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The First Step In The Mental Training
Some of the old Zen masters are said to have attained to supr...

The Resemblance Of The Zen Monk To The Samurai
Let us point out in brief the similarities between Zen and Ja...

The Creative Force Of Nature And Humanity
The innate tendency of self-preservation, which manifests its...

The Development Of The Southern And Of The Northern School Of Zen
After the death of the Fifth Patriarch the venerable Shang Si...

The Breathing Exercise Of The Yogi
Breathing exercise is one of the practices of Yoga, and somew...

Zen After The Restoration
After the Restoration of the Mei-ji (1867) the popularity of ...

Zen And The Regent Generals Of The Ho-jo Period
No wonder, then, that the representatives of the Samurai clas...

Three Important Elements Of Zen
To understand how Zen developed during some four hundred year...

The Errors Of Philosophical Pessimists And Religious Optimists
Philosophical pessimists[FN#214] maintain that there are on e...

The Method Of Instruction Adopted By Zen Masters
Thus far we have described the doctrine of Zen inculcated by ...

Zen Is Iconoclastic
For the followers of Bodhidharma, however, this conception of...

Each Smile A Hymn Each Kindly Word A Prayer
The glorious sun of Buddha-nature shines in the zenith of Enl...

Bodhidharma's Disciples And The Transmission Of The Law[fn#31]
[FN#31] For details, see Chwen Tang Luh and Den Ka Roku, b...

Real Self
If there be no individual soul either in mind or body, where ...

Zen And Supernatural Power
Yoga[FN#250] claims that various supernatural powers can be a...

Zen Is Not Nihilistic
Zen judged from ancient Zen masters' aphorisms may seem, at t...

Buddha Dwelling In The Individual Mind
Enlightened Consciousness in the individual mind acquires for...

Zazen Or The Sitting In Meditation
Habit comes out of practice, and forms character by degrees, ...

Life Change And Hope
The doctrine of Transcience never drives us to the pessimisti...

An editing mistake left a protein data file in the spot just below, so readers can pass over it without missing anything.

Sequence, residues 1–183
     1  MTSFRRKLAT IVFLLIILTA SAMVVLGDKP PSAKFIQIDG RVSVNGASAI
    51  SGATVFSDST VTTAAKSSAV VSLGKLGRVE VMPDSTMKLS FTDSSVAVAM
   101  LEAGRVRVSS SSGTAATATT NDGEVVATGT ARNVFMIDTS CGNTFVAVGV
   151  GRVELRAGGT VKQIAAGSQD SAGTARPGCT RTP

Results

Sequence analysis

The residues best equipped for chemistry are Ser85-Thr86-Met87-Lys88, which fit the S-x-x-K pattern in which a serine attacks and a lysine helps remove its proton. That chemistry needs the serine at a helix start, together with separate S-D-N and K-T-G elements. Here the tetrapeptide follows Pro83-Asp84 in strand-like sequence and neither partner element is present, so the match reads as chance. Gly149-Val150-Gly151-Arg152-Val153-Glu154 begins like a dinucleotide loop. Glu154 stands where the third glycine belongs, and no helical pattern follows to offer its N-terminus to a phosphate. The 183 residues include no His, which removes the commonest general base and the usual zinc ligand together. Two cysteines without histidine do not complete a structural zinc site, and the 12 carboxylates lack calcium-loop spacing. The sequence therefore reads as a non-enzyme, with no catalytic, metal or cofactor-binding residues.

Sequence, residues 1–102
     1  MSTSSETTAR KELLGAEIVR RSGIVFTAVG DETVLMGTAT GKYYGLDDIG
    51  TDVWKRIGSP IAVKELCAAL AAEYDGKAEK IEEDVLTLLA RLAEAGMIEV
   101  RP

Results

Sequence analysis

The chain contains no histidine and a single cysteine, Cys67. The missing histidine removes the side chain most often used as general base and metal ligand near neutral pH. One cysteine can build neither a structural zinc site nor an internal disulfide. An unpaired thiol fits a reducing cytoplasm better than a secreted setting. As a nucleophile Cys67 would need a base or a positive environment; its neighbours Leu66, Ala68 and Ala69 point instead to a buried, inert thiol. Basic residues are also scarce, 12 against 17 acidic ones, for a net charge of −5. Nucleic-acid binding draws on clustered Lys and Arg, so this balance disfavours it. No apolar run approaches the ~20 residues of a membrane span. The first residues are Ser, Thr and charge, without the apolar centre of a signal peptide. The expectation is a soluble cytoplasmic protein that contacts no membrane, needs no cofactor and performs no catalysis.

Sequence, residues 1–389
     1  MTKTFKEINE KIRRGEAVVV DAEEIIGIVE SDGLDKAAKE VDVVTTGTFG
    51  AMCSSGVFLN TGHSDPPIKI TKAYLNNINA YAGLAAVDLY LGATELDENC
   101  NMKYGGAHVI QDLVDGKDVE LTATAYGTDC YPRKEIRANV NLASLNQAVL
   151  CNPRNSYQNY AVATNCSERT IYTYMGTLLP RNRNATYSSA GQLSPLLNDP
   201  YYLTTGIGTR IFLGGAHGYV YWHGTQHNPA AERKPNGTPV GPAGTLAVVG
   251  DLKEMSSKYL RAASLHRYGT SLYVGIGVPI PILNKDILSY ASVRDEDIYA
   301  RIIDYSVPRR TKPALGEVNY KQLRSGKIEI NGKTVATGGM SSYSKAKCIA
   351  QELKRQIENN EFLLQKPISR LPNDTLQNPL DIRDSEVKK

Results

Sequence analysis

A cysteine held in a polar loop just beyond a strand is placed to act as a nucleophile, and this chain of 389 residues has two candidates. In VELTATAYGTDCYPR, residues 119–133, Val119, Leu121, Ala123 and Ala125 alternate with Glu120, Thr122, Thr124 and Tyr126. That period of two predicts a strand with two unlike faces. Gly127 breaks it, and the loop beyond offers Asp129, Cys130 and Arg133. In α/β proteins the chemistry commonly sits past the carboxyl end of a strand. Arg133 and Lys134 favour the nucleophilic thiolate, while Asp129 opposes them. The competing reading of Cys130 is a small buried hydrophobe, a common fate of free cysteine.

Man Is Bad-natured According To Siun Tsz
The weaknesses of Mencius's theory are fully exposed by anot...




Buddha-nature Is The Common Source Of Morals








Furthermore, Buddha-nature or real self, being the seat of love and
the nucleus of sincerity, forms the warp and woof of all moral
actions. He is an obedient son who serves his parents with sincerity
and love. He is a loyal subject who serves his master with sincerity
and love. A virtuous wife is she who loves her husband with her
sincere heart. A trustworthy friend is he who keeps company with
others with sincerity and love. A man of righteousness is he who
leads a life of sincerity and love. Generous and humane is he who
sympathizes with his fellow-men with his sincere heart. Veracity,
chastity, filial piety, loyalty, righteousness, generosity, humanity,
and what not-all-this is no other than Buddha-nature applied to
various relationships of human brotherhood. This is the common
source, ever fresh and inexhaustible, of morality that fosters and
furthers the interests of all. To-ju[FN#170] expresses the similar
idea as follows:

There exists the Inexhaustible Source (of morality) within me.
It is an invaluable treasure.
It is called Bright Nature of man.
It is peerless and surpasses all jewels.
The aim of learning is to bring out this Bright Nature.
This is the best thing in the world.
Real happiness can only be secured by it.

Thus, in the first place, moral conduct, which is nothing but the
expression of Buddha-nature in action, implies the assertion of self
and the furtherance of one's interests. On this point is based the
half-truth of the Egoistic theory. Secondly, it is invariably
accompanied by a feeling of pleasure or satisfaction when it fulfils
its end. This accidental concomitance is mistaken for its essence by
superficial observers who adhere to the Hedonistic theory. Thirdly,
it conduces to the furtherance of the material and spiritual
interests of man, and it led the Utilitarians to the confusion of the
result with the cause of morality. Fourthly, it involves the control
or sacrifice of the lower and ignoble self of an individual in order
to realize his higher and nobler self. This gave rise to the
half-truth of the Ascetic theory of morality.


[FN#170] To-ju Naka-e (died A.D. 1649), the founder of the Japanese
Wang School of Confucianism, known as the Sage of Omi.






Next: The Parable Of A Drunkard

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